Strategy is more than a formal plan for me; it manifests itself as a consistency in behavior. Being strategic helps me look for patterns to guide my decisions, both personally and in work. Here is where we should be tapping into social tools by tracking and trending topics and conversations, in this way strategic learning can emerge from the analysis of conversations taking place. The future of learning is… social, and that is not training. It is learning and it is about performance however to make a difference we need to ask different questions to create smaller solutions and we need to measure differently.
Training focuses on managing people on both sides of the content, learner: facilitator/instructor. It is packaged with sound assessments to measure accurately the knowledge transfer process before we send them back to work. Passively we await results to see if change occurs. So let us look at this actively by tracking, monitoring, and measuring the trend of conversations taking place “socially”. My challenge is to identify a topic that begins to rise in the community conversation and determine if this is a performance improvement opportunity, a policy refinement or clarification need, or a cultural barrier that needs change to improve business process. Then during and after the <insert action made here> what is the change in the community conversation (in volume and/or tone) about the solution provided?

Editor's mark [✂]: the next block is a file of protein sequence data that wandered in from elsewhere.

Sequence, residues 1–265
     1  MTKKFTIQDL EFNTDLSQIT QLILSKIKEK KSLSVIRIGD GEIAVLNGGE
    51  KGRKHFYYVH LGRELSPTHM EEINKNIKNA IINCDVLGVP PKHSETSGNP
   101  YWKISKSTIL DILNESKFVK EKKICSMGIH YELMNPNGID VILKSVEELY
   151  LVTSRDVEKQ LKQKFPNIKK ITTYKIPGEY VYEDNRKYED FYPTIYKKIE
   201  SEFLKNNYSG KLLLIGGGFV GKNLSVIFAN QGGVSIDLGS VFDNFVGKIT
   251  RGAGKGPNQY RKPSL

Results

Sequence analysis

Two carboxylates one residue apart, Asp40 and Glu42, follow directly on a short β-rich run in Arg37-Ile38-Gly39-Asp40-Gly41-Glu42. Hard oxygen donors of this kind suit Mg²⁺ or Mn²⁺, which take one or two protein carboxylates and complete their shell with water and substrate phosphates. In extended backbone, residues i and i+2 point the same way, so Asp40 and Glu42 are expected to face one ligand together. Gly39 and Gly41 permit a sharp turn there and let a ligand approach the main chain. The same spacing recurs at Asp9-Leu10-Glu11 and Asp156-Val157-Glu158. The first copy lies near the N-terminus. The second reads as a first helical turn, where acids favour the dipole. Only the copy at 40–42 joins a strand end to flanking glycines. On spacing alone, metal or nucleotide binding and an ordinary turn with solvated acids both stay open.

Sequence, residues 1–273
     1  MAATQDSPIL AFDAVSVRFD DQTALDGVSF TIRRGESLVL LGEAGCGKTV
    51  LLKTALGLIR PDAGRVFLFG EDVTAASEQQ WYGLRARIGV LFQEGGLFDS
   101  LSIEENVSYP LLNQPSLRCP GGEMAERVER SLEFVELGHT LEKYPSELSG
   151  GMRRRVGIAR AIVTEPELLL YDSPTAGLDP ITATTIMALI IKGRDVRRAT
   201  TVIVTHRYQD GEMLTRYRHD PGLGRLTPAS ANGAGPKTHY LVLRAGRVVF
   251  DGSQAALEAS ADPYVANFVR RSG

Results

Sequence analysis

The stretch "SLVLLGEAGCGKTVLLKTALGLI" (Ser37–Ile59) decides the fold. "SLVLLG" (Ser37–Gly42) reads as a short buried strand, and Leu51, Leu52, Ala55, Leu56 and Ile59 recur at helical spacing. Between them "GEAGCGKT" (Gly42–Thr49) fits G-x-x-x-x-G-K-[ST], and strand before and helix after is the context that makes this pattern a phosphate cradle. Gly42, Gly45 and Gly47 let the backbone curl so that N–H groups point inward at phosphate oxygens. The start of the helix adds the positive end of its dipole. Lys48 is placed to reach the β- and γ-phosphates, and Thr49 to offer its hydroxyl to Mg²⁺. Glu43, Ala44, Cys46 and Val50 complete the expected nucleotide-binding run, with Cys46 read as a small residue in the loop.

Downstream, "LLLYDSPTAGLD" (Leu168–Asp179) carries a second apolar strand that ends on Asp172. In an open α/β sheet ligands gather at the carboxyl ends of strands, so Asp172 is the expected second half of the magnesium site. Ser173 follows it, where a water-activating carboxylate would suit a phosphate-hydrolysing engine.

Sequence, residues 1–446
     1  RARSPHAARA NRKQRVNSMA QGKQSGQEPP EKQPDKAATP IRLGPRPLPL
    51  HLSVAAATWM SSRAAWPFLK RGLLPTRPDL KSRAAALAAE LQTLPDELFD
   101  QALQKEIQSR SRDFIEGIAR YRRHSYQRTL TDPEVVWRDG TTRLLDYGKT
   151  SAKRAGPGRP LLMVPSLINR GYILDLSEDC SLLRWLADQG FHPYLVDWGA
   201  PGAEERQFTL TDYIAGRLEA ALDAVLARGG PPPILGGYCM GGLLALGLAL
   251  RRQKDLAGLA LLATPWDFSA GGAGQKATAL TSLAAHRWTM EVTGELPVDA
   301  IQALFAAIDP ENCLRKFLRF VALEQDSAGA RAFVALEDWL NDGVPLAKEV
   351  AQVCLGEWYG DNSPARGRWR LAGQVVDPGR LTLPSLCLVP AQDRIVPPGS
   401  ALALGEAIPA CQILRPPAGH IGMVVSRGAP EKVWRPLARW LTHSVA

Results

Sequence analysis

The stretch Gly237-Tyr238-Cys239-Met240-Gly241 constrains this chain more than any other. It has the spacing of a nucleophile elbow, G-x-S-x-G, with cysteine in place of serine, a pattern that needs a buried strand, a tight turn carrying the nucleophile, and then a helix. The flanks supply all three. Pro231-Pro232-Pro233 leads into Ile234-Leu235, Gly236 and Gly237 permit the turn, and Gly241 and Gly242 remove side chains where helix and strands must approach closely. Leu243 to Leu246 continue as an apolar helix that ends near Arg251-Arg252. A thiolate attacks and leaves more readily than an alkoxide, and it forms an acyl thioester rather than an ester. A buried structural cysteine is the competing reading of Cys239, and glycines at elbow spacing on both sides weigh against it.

So how is this strategic? If you can identify a problem before it becomes an “issue” then you are demonstrating the long, or strategic, view. One of the greatest compliments I have received focused on my desire to see, and solve, the problem before the people I provided support ever knew a problem was on the horizon. This does bring one new challenge and an opportunity to create a stronger relationship.
In the traditional training mode, there is the opportunity to determine the financial impact to the organization, lost workdays, waste of materials, customer retention, etc. In a strategically social mode, the goal is to resolve the problem sooner so the challenge is to be able to identify the cost impact, or the savings impact you are having. Internal audit teams need to be a part of your network; they know how the process works, the time it takes and how to translate that into costs. Working together may be a new learning delivery model, Jane Hart suggests, “carrying out workflow audits – sitting down with individuals and teams to locate bottlenecks in processes and/or identifying better ways to accomplish tasks.”
For me being strategically social means being proactive to changes in the business before a problem becomes serious. Put in place ways to monitor the conversation in the community, watch for patterns and find new methods to help those impacted by the problem teams to design and implement solutions sooner. Foster, nurture, the community and create collaboration networks whether they be ones of practice or ones of support the path is social dialogue and that is a key part of being strategic.